In 1964, Fifteen-year-old Gerald Gault was adjudicated a delinquent by an Arizona Juvenile Court for allegedly making an obscene phone call with another juvenile to a neighbor. Gault was committed to a state juvenile facility for detention until he reached adulthood. In the juvenile proceedings: Gault was not represented by counsel; his parents and he were not provided written notice of hearings; the juvenile petition did not specify what he was alleged to have done wrong; the right to confront and cross-examine witnesses was not provided, he was denied the privilege against self-incrimination; and no transcripts of any of the proceedings were made.
On appeal of the dismissal of his Writ of Habeas Corpus by the Arizona Courts, in 1967 the U.S. Supreme Court ruled that although the juvenile courts were originally set up to benefit children by taking their cases out of the purview of criminal courts, the reality was that the informality and paternalism of these proceedings and their lack of procedural regularity led to situations where juveniles were denied the fundamental fairness guaranteed to adults. The Court determined that because delinquency adjudications may lead to commitment to state institutions, with a resulting loss of liberty, due process protections must be applied to those proceedings.
After Gault, juvenile courts were required to provide juveniles: 1) written and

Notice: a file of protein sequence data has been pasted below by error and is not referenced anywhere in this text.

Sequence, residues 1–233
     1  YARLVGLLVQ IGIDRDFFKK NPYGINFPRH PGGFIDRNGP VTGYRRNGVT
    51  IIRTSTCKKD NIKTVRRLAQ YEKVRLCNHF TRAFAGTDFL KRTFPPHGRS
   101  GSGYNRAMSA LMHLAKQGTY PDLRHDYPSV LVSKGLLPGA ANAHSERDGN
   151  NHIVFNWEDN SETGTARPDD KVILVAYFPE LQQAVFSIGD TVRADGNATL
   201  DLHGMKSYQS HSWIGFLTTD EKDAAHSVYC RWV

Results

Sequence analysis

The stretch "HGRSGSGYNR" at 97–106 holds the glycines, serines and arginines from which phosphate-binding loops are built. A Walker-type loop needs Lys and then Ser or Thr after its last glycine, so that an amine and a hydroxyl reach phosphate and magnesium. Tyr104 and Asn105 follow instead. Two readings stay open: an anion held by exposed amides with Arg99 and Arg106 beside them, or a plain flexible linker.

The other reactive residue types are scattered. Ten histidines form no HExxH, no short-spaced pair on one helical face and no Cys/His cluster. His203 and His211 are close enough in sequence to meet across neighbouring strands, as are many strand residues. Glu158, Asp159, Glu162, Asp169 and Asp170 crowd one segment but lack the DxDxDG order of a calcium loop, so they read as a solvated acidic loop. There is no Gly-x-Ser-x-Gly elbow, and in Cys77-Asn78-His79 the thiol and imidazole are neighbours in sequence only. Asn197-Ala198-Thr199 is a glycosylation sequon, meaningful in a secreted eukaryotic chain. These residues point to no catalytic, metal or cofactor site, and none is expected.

timely notice of charges and parents must be informed that their child has been taken into custody; 2) understanding of their right to be represented by counsel and to be appointed counsel if indigent; 3) the right against self-incrimination; and 4) the right to confront and cross-examine complainants and the other witnesses against them.
Votes: Black, Brennan, Clark, Douglas, Fortas, Warren, White
Dissents: Stewart, Harlan (in part)
Opinion of the Court: Fortas, with concurrences by Black and White
Web Links: Findlaw: In Re Gault - website link to the full text of the U. S. Supreme Court opinion:
http://laws.findlaw.com/us/387/1.html The Oyez Project, Northwestern University: provides a summary of the opinion, how the Justices voted and a recording of the actual oral arguments.
http://oyez.nwu.edu/cases/cases.cgi?case_id=181&command=show American Bar Association Juvenile Justice Center - an ABAnetwork website where you can read more about juvenile justice issues, research resources and links to related sites.
http://www.abanet.org/crimjust/juvjus/home.html Office of Juvenile Justice and Delinquency Prevention - link to an agency of the U.S. Department of Justice whose stated mission is to provide resources to prevent and respond to juvenile delinquency and victimization. The site has numerous listings of resources, program information, publications, facts and figures, and links to related sites.
http://www.ojjdp.ncjrs.org/index.html Juvenile Justice: A Century of Change - link to an article in the Juvenile Justice Bulletin, a publication of the Department of Justice, which provides an overview of the history, functions, and trends of the juvenile court system.